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Orange Lilies

(The). The 35th Foot. Called “orange” because their facings were orange till 1832; and “lilies” because they were given white plumes in recognition of their gallantry in the battle of Quebec in 1759, when they routed the Royal Roussillon French Grenadiers. The white plume was discontinued in 1800. The 35th Foot is now called the “The Royal Sussex.”

William of Orange.
William III. of England (1650, 1689-1702). “Orange” is a corruption of Arausio, in the department of Vaucluse, some sixteen miles from Avignon. The town was the capital of a principality from the eleventh to the sixteenth century. The last sovereign was Philibert de Chaons, whose sister married William, Count of Nassau. William's grandson (William) married Mary, eldest daughter of Charles I., and their eldest son was our William III., referred to in the text.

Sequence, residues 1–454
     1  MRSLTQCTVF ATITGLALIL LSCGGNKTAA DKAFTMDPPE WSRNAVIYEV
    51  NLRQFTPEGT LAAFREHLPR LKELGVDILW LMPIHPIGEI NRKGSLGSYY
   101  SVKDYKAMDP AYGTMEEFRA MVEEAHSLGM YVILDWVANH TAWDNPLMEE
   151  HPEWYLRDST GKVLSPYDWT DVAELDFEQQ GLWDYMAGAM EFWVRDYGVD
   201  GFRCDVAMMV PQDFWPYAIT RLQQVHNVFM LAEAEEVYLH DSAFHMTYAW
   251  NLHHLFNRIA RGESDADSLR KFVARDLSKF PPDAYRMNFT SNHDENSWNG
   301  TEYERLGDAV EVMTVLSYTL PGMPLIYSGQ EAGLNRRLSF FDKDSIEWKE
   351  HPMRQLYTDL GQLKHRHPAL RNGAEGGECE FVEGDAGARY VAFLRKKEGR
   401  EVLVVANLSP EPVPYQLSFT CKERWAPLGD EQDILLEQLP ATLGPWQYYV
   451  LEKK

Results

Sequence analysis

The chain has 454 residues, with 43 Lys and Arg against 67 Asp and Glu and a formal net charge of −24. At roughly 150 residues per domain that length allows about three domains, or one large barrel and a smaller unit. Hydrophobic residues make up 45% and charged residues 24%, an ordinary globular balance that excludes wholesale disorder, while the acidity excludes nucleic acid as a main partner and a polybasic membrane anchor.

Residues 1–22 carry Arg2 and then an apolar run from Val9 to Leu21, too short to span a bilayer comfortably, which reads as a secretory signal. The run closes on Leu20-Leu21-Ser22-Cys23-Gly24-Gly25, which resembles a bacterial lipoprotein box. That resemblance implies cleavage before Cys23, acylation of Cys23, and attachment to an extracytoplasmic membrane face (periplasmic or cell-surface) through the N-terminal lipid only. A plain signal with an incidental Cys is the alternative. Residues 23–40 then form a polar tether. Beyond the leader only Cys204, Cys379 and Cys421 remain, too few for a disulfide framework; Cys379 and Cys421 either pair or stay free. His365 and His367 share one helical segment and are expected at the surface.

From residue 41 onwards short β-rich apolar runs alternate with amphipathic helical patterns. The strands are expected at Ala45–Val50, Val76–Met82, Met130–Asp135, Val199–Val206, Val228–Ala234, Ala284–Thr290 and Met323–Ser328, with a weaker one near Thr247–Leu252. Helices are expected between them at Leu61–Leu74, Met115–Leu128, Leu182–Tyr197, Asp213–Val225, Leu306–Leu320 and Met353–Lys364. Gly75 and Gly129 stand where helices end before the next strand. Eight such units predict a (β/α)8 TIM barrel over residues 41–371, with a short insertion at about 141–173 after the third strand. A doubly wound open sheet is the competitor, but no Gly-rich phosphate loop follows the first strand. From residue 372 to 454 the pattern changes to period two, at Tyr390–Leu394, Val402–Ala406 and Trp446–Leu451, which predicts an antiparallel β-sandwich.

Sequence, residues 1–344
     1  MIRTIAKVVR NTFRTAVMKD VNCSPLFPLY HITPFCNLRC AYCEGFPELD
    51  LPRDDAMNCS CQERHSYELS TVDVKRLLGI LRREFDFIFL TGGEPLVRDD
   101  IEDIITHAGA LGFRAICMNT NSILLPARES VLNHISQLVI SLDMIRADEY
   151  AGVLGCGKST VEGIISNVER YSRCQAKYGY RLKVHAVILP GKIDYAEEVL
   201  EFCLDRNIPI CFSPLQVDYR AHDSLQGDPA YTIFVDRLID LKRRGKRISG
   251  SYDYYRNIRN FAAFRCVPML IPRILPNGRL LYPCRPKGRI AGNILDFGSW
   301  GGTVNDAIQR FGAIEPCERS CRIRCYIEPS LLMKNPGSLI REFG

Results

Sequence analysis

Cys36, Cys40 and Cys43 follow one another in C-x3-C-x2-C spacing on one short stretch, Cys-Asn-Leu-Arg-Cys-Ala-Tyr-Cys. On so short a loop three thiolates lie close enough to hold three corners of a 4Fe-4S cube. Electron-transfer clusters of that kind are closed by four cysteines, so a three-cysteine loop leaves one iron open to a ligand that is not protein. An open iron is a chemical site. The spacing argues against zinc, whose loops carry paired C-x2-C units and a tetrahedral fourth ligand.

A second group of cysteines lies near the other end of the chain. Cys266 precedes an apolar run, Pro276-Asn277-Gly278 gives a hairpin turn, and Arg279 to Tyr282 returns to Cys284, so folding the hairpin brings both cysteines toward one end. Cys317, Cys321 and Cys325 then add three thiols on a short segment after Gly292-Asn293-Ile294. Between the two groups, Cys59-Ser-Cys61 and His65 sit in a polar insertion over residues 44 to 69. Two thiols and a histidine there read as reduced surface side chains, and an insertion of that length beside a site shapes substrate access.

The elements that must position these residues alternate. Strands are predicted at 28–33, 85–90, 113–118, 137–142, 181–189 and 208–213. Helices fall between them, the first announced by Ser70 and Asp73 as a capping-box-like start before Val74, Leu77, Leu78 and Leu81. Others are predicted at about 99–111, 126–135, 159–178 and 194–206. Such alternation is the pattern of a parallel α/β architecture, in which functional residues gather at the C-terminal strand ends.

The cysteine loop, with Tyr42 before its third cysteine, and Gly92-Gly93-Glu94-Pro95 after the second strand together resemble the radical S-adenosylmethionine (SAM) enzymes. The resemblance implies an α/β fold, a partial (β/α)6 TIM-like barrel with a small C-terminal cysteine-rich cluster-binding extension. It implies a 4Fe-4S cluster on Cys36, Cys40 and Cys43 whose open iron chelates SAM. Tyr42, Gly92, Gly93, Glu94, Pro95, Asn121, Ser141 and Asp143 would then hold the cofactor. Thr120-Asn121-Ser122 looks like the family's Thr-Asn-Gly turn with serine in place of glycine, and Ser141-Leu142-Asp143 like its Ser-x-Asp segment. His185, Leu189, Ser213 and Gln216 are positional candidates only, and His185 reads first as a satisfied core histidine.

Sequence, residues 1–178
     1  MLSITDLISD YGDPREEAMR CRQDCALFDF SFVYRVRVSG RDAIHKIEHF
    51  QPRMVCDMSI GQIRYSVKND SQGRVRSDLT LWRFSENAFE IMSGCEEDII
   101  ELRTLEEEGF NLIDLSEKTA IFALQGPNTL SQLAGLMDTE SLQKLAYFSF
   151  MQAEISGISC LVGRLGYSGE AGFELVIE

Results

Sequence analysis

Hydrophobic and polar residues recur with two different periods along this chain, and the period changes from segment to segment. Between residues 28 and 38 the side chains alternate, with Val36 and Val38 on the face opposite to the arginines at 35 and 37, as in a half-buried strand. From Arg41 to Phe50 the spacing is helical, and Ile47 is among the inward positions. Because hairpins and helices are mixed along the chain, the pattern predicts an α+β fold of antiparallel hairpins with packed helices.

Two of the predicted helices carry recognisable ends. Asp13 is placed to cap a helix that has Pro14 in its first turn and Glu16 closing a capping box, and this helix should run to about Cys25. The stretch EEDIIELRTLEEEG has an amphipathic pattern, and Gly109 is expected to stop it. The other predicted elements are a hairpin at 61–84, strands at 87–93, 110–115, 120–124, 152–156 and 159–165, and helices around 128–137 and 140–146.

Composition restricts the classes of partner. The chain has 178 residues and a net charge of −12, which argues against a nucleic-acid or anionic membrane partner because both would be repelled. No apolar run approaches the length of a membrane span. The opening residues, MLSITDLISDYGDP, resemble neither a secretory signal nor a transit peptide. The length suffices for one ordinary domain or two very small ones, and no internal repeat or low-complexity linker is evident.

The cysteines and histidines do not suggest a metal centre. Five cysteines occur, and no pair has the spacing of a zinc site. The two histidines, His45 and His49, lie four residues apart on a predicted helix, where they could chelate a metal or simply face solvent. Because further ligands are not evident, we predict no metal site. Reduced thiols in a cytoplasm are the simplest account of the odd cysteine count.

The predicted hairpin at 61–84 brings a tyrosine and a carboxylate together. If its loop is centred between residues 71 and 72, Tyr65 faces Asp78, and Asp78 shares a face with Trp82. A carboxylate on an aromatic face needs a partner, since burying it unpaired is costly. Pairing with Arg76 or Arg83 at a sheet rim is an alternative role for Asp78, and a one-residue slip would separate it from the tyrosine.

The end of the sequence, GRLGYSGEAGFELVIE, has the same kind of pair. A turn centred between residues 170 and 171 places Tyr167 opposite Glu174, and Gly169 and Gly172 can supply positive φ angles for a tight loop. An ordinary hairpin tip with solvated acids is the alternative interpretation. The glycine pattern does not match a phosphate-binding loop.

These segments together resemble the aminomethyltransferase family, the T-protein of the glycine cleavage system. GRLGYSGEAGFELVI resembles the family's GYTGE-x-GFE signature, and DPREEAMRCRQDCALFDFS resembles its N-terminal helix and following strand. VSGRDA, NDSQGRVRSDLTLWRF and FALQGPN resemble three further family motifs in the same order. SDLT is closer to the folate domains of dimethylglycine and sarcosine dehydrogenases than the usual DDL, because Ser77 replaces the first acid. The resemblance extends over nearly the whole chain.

Source: Dictionary of Phrase and Fable, E. Cobham Brewer, 1894
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